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THE BALLOT slips from the last elections are seen this week at the Israel Central Election Committee Logistics Center in Shoham. .(Photo by: AMMAR AWAD / REUTERS)
Why have we not switched to online voting yet?
By ALON EINHORN
04/04/2019
It is not that the ability does not exist.
Many Israelis will wake up on Tuesday, April 9, and at some point during the day, they will vote for the next Knesset.

In order to vote, citizens must present their ID at their designated voting station, take a note carrying the letters that represent their party, place it inside an envelope and drop it inside.

The most baffling fact about the elections, is that the voting is done in 2019, in Israel, a country considered one of the most technologically advanced in the world, using paper ballots.

It is not that the ability for online voting does not exist. Online voting was experimented with before, countries like Estonia already made it possible to vote online, allowing its citizens to vote from anywhere, at any time of the day and also change their vote before the voting is over.



In Israel, Zehut held open online primaries in January for the upcoming elections using online voting. The Zehut system allowed for any Israeli citizen to vote for the party's Knesset list.

The idea of online governmental voting may sound scary, as many threats lurk in the distance, whether its hackers influencing the election votes, technical difficulties accessing the websites or voting system, or even fears it might not be friendly enough for the less technologically savvy.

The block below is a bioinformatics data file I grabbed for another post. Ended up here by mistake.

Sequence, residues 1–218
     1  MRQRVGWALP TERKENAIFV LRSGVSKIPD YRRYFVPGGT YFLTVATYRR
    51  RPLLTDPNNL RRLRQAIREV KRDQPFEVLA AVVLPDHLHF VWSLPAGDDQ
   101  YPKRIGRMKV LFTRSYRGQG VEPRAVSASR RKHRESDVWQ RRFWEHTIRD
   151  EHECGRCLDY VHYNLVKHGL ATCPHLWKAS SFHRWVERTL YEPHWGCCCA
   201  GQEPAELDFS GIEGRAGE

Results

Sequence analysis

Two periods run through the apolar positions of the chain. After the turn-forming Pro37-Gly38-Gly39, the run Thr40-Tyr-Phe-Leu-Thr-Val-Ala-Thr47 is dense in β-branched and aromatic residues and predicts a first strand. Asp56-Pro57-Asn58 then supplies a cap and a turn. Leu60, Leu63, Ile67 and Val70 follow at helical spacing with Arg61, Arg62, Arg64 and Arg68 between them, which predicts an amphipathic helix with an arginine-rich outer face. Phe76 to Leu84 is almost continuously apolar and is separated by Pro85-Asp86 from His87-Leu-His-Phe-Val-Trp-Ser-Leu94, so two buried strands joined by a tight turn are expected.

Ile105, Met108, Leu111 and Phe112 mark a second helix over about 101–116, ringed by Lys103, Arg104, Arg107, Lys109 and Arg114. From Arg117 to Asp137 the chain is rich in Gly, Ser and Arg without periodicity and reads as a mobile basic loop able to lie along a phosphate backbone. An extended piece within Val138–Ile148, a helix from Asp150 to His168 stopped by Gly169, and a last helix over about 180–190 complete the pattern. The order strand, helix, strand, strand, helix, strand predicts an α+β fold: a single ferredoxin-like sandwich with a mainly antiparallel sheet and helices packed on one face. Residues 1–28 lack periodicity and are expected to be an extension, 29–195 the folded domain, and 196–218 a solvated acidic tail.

However, online voting has many advantages. Many people do not vote simply because they have to get to the polling stations. Yes, it sounds absurd, but in Israel, one cannot vote in any station, only in the one assigned to the voter by the Interior Ministry, which means that some Israelis need to vote in a different city from the one they live in.

Online voting could make tallying the votes easier, more accurate, and faster.

The greatest benefit would be reducing the quarter million sheets of paper printed for the sake of voting.

The hundreds of millions of paper slips printed in the past few weeks will have fulfilled their duty next week, but essentially, they are printed, stored and then thrown away. Even if they are recycled, the environmental damage caused by these slips is enormous, especially in the State of Israel, where recycling efficiency is very low.

"In 2019, the State of Israel is conducting cyber wars with Iran and we are still using the old method of paper slips to vote," said Nir Bar David, director of the "Dudaim" recycling and environmental education park in the Negev.

Bar David stressed that, "It is not clear how an advanced country like Israel has not switched to digital voting. Changing the voting method will streamline the process of voting, counting and calculation, and more importantly, it will preserve the environment and the Earth."
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